ISSN 1470-3947 (print) | ISSN 1479-6848 (online)

Endocrine Abstracts (2019) 63 D2.1 | DOI: 10.1530/endoabs.63.D2.1

PRO: Surgical treatment of phaeochromocytoma - query pre-treatment?

Henri Timmers


The Netherlands.


Pheochromocytomas/paragangliomas (PPGLs) are catecholamine secreting tumors that, if missed or not properly treated, can be devastating due to potential lethal cardiovascular complications. The 2014 Endocrine Society clinical practice guideline on PPGL includes recommendations regarding optimalperi-operative care [1]. The main goal of preoperative management is to prevent a patient from developing anesthesia- or surgery-induced catecholamine storm. This warrants the involvement of an expert team of endocrinologists, surgeons and anesthesiologists. It is recommended that all patients with a hormonally functional PPGL should undergo preoperative adrenergic blockade, primarily with alpha-adrenergic receptor blockers such as phenoxybenzamine, doxazosin, prazosin or terazosin. During 10–14 days prior to surgery, doses are gradually increased until blood pressure is steadily controlled. Beta-adrenergic blocking agents such as propranolol, atenolol and metoprolol are needed when significant tachycardia or a catecholamine-induced arrhythmia occurs. A beta-blocker should not be used in the absence of an alpha-blocker because this will exacerbate epinephrine-induced vasoconstriction by blocking its vasodilator component. Calcium channel blockers or, in rare cases, the tyrosine hydroxylase inhibitor metyrosine, can be added when maximum doses of alpha- blockers are insufficient to achieve hemodynamic control. Salt and fluid loading are given to expand blood volume to prevent pre-operative orthostatic hypotension and severe post-operative hypotension. Anesthesiological management should be in experienced hands. Despite pre-operative blockade, intra-operative blood pressure may still vary, necessitating the use of short acting drugs such as phentolamine, nicardipine and sodium nitroprusside. Post-operatively the patient is monitored in the ICU for at least 24 hours to manage potential complications such as hypotension and hypoglycaemia.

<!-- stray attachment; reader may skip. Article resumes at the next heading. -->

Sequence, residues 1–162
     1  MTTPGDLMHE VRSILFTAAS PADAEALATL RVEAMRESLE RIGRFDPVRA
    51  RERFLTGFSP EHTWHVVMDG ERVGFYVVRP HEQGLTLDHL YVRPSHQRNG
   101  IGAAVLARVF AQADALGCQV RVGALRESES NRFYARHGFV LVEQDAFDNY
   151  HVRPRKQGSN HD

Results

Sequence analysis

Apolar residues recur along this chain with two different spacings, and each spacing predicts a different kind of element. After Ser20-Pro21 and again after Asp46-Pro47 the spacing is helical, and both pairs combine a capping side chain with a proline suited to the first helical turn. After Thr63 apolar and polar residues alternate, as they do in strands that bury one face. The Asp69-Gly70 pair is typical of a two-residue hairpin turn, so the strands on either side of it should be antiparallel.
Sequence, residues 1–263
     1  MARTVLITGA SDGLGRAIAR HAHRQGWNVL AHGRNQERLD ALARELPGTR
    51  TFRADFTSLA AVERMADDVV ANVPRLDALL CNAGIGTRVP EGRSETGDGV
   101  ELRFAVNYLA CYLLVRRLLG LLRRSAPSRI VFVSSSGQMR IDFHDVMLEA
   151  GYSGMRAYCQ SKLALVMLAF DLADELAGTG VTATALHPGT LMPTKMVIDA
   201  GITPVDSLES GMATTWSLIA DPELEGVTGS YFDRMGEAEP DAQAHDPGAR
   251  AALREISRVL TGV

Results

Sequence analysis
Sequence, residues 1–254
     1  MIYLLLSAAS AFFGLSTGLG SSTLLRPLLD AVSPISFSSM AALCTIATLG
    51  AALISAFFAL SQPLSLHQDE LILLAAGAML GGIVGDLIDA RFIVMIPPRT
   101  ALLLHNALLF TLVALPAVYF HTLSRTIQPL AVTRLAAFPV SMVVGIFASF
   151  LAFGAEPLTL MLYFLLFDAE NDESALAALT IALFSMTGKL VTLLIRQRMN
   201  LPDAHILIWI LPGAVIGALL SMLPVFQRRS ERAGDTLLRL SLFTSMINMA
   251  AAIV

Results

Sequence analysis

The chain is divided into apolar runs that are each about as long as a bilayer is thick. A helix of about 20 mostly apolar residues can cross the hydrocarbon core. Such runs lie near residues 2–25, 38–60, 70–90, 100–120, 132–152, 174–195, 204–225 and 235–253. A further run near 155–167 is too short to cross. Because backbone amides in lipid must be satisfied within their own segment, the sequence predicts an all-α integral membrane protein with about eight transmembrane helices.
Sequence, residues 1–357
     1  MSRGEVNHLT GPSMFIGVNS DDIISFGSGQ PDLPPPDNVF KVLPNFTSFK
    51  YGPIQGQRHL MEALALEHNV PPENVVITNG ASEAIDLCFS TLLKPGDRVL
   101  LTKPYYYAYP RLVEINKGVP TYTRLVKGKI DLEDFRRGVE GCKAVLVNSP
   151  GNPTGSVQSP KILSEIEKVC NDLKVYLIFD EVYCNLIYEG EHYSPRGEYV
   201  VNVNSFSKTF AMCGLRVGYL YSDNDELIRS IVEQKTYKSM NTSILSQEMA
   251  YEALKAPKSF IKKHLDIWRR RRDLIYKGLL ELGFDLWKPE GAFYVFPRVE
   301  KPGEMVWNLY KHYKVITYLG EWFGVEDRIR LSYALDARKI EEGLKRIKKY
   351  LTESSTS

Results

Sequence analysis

[1] Lenders, et al., J Clin Endocrinol Metab, 2014. 99(6): pp. 1915–42.

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